Director: King Hu
Writer: King Hu
Cast: Shih Chun, Shangguan Lingfeng
Running time: 111mins
Language: Mandarin (English subtitles)
What’s the story: 15th century China, the Jingtai era. Minister of Defense Yu Chien is executed after being framed by the evil eunuch Zhao, controller of the Eastern Agency and Palace Guards. Zhao orders Yu’s children also be killed, but warriors sympathetic to the minister spirit them away. Assisted by the mysterious traveller Xiao, they must face Zhao’s forces at the remote desert tavern, Dragon Inn.
What’s the verdict: Relatively obscure in the West, in the East Dragon Inn has cast a long shadow over wuxia (martial arts hero) movies. In ambition, execution and artistry Taiwan’s answer to Kurosawa’s Seven Samurai, without Dragon Inn there conceivably could be no Ashes of Time, no Crouching Tiger, Hidden Dragon, no House of Flying Daggers.
Director King Hu had just come off the smash hit Come Drink With Me at Shaw Brothers Studios and turned down the chance to work with the studio again to make Dragon Inn in Taiwan for the Union Film Company (although Shaw had their own 1967 hit with One-Armed Swordsman).
A tour de force of action and romanticism, occasional moments of camp and unintentional giggles arise, but this is a film by a director at the height of his talents.
An opening voiceover hurls a huge amount of character and story background at the audience, but fear not, the story is goodies vs. baddies simple. And who is noble and who is sneaky is signposted by costume, theatrical performance styles, music, and camera angles as well as how they behave in combat.
All this is where Dragon Inn garners its reputation as a classic and it is a cause for celebration the film is now available in the UK after decades of poor quality grey market copies did scant justice to its brilliance.
Essentially a siege movie centred on the titular hostel, Hu’s screenplay concocts various ways to shift power between Zhao’s forces and the honourable warriors protecting the children.
Swordplay, arrow battles and martial arts are all thrown into the mix. Action designed by Peking Opera choreographer Han Ying-chieh is matched by Hu’s dynamic direction; his camera travels with the fighting in long takes, swings low and high to enhance danger or orientate the audience, and frequently smashes continuity so characters make impossibly quick jumps through space in the heat of battle.
All of this is exhilarating to watch and executed before the advent of wirework, although hidden trampolines do some superhuman assists.
Shih (most recently seen in disappointing wuxia The Assassin) is on full charisma offensive as Xiao, repelling hapless soldiers without bothering to stand up from his dinner, often using an umbrella in place of a sword and dazzling friend and foe with a disarming smile.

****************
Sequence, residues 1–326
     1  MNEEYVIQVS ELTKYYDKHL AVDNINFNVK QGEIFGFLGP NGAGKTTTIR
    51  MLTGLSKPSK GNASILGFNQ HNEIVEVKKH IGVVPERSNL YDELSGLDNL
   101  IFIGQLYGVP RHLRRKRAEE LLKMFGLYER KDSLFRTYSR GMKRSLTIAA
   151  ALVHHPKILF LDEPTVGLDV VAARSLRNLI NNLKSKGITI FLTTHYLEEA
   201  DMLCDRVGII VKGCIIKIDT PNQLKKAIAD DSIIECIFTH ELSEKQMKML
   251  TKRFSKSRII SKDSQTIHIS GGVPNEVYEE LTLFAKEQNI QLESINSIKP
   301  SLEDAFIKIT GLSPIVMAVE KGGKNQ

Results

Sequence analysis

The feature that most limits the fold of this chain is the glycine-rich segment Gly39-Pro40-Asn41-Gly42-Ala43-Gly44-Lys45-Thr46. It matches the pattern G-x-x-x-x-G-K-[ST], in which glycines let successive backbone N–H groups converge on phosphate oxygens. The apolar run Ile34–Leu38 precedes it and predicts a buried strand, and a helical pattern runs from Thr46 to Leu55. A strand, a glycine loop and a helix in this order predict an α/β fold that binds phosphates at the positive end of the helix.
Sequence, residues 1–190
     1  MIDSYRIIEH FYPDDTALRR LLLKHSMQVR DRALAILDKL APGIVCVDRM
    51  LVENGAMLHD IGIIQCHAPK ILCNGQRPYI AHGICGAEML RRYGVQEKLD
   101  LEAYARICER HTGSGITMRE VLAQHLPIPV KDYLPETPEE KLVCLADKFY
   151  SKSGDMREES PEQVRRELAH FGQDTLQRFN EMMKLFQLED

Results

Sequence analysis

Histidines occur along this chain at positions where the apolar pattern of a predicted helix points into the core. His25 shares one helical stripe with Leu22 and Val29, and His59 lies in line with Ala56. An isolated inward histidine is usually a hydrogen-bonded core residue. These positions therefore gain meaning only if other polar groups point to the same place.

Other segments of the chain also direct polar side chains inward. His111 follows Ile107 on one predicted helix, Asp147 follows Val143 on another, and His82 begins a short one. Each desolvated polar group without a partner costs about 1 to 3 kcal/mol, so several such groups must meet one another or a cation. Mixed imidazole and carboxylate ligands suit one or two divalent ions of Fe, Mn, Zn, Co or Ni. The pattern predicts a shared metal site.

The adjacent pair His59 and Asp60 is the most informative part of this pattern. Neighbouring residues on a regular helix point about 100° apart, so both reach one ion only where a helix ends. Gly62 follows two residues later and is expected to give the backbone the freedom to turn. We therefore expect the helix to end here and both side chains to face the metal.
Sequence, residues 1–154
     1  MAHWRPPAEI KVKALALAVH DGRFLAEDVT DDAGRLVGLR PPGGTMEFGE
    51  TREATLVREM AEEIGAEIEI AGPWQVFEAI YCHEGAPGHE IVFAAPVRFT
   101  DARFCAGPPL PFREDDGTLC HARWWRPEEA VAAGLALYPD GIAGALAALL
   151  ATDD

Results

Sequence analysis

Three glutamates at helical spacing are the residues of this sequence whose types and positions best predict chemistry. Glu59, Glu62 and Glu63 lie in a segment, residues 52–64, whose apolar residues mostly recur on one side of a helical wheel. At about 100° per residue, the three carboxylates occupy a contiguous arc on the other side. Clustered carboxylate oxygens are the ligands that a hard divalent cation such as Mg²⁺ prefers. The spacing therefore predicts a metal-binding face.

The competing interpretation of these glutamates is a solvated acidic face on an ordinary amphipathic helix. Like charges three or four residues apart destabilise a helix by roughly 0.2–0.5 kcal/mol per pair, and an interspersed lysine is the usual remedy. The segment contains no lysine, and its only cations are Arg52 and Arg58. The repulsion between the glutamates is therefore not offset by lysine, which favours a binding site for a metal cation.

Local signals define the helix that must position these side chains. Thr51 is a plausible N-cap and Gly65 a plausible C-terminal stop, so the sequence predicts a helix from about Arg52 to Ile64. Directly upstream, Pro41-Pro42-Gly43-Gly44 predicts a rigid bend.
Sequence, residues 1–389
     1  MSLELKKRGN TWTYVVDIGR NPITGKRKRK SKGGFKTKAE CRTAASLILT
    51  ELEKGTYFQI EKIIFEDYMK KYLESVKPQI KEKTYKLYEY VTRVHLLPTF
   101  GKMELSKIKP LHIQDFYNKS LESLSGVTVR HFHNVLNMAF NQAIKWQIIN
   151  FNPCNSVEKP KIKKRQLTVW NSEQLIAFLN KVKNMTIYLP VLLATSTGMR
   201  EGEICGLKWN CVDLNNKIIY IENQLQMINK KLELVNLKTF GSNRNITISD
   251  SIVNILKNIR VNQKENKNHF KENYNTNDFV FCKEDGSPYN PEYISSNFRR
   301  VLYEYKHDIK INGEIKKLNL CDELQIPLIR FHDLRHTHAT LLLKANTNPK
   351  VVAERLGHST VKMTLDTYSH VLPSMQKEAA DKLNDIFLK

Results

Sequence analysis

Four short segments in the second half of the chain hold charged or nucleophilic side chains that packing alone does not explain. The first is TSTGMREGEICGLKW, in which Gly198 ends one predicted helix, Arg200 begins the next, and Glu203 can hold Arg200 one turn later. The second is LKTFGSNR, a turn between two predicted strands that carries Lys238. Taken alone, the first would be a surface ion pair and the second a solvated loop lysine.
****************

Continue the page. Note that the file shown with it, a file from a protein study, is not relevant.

Proving Hu is not solely interested in the action, Xiao’s garb is mirrored by Zhao’s first lieutenant. A late in the day attempt by Zhao to lure Xiao to the dark side suggests the lieutenant is Xiao’s alter-ego, an example of what he could be become if his righteousness slips.
Matching Shih is Shangguan as one of the loyalists protecting the children. A skilled martial artist, Shangguan’s skill in the action scenes matches the legendary Cheng Pei-pei in Hu’s Come Drink With Me.
An essential purchase for any fan of Eastern cinema, Dragon Inn is also one of those rare films where the remake almost matches the original. Raymond Lee’s 1992 New Dragon Gate Inn uses the central plot to make barbed comments about China’s then imminent reclaiming of Hong Kong and boasts a stellar cast including Tony Leung Ka-fai, Brigitte Lin, Maggie Cheung and Donnie Yen.
Dragon Inn’s DNA can also be felt in the trailer for Tarantino’s upcoming The Hateful Eight, while its climax was echoed years later in Tarantino’s grindhouse offering Death Proof.
King Hu himself would follow Dragon Inn with the Palme D’or nominated masterpiece A Touch Of Zen and other great films including The Fate of Lee Khan. Most of his movies are not easy to find, so jump on this welcome release now.
Picture: Taken from the 4K transfer, Eureka’s Masters of Cinema region B Blu-ray is a joy to watch. Capturing the crisp, clear cinematography, colours and detail leap off the screen, doing full justice to Hu’s inventive direction. The Blu-ray is dual format, also containing a regular region 2 DVD of the movie.
Extras: The chief disc extra is David Cairns’ 15 minute video essay, exploring how the film builds suspense and uses different action sequences to tell the story. Insightful and entertaining, the only downside is it makes you yearn for a full commentary from the critic.
A low-quality newsreel clip from the time is worthwhile in its depiction of Dragon Inn fever that was sweeping Taipei when the film premiered.
A 36-page booklet features illuminating essays by contributors including Asian cinema expert Tony Rayns and Edmond Wong.